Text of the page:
The Nest by Cynthia D'Aprix Sweeney
My rating: 3 of 5 stars
The central story of the nest is fairly solid; a trust fund matures when the youngest child turns 40. Four grown children, living separate lives, are counting on the large payout. However, complications arise when the oldest, the golden boy (not golden for being good but golden like Midas) makes a series of choices that wreak havoc and threaten the nest. Nestled in their dysfunctional roles, some of the siblings have already spent the expected windfall. So what if it doesn't come?
What I enjoyed was reading about each sibling and the way they viewed themselves within the family dynamic and each other. I enjoyed the shifting opinions as the characters grew.
What I didn't enjoy were the side stories that dangled on the side of tangential and indulgent. I liked the story surrounding the inheritance and did not need the justification of sexuality, infidelity, or non conventional family. By the end I felt like I was reading the highlights of a college course in women's studies along with the sociological history of New York City. Okay, the sociological history of NYC was interesting. The other? Not so much. More self indulgence and justification that distracted from the storyline, IMO.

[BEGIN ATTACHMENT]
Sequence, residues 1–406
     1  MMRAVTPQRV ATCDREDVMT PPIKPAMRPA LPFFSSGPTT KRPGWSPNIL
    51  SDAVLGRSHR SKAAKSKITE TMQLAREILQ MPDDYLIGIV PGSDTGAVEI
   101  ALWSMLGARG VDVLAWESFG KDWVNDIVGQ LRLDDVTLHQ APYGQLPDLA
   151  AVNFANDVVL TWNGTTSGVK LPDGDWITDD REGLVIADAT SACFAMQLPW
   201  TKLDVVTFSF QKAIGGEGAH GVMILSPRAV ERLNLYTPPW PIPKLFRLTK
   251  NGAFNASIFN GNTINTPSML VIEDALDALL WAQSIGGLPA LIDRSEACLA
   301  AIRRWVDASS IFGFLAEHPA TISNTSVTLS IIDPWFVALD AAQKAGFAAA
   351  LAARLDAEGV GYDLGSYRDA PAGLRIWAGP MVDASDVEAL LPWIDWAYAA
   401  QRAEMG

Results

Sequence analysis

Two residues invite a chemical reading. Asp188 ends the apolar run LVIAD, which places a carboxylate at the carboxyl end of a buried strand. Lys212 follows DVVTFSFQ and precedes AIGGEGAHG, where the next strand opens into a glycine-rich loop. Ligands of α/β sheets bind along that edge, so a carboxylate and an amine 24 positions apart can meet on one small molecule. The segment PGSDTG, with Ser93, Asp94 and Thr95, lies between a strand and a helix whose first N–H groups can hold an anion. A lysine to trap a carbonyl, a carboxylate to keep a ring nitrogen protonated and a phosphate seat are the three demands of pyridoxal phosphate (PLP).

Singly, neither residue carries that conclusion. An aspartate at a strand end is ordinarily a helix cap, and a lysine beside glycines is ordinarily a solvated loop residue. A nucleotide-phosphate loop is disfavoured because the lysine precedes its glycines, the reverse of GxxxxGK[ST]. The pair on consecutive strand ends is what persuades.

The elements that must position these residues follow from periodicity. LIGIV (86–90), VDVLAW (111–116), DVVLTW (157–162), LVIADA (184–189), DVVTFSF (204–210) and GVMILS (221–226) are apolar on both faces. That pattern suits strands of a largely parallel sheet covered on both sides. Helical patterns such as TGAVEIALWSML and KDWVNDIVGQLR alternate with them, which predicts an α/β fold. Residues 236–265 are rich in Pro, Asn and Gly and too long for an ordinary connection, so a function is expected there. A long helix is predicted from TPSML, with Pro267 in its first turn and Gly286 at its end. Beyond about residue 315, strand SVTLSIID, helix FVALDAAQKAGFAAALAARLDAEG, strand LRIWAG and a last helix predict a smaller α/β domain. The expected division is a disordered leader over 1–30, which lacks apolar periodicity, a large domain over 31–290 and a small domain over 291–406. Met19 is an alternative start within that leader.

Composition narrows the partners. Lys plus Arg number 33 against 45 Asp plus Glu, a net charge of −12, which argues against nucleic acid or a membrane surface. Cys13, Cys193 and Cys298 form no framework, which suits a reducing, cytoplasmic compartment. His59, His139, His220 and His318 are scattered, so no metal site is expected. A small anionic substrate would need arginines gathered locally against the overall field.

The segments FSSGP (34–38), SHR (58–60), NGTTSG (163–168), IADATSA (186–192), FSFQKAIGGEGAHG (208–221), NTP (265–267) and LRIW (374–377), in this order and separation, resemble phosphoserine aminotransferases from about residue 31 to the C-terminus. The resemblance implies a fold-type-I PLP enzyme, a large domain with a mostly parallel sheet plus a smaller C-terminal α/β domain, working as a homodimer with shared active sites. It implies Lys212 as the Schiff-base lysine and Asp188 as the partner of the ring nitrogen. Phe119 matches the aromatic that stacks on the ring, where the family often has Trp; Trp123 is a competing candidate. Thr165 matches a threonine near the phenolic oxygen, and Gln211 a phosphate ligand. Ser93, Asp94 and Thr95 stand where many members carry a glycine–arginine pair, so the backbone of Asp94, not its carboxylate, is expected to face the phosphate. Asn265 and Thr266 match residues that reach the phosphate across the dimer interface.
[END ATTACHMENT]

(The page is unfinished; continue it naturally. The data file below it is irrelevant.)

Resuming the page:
The writing is solid. The general story and conclusion is interesting. The Twins' story was irrelevant. Stephanie and her decisions were largely irrelevant. Tommy's story seemed irrelevant, as did his character. These were more like public service announcements. Beyond the one in the car, the sex details were extraneous. I was mildly disappointed with the author's choices for page space.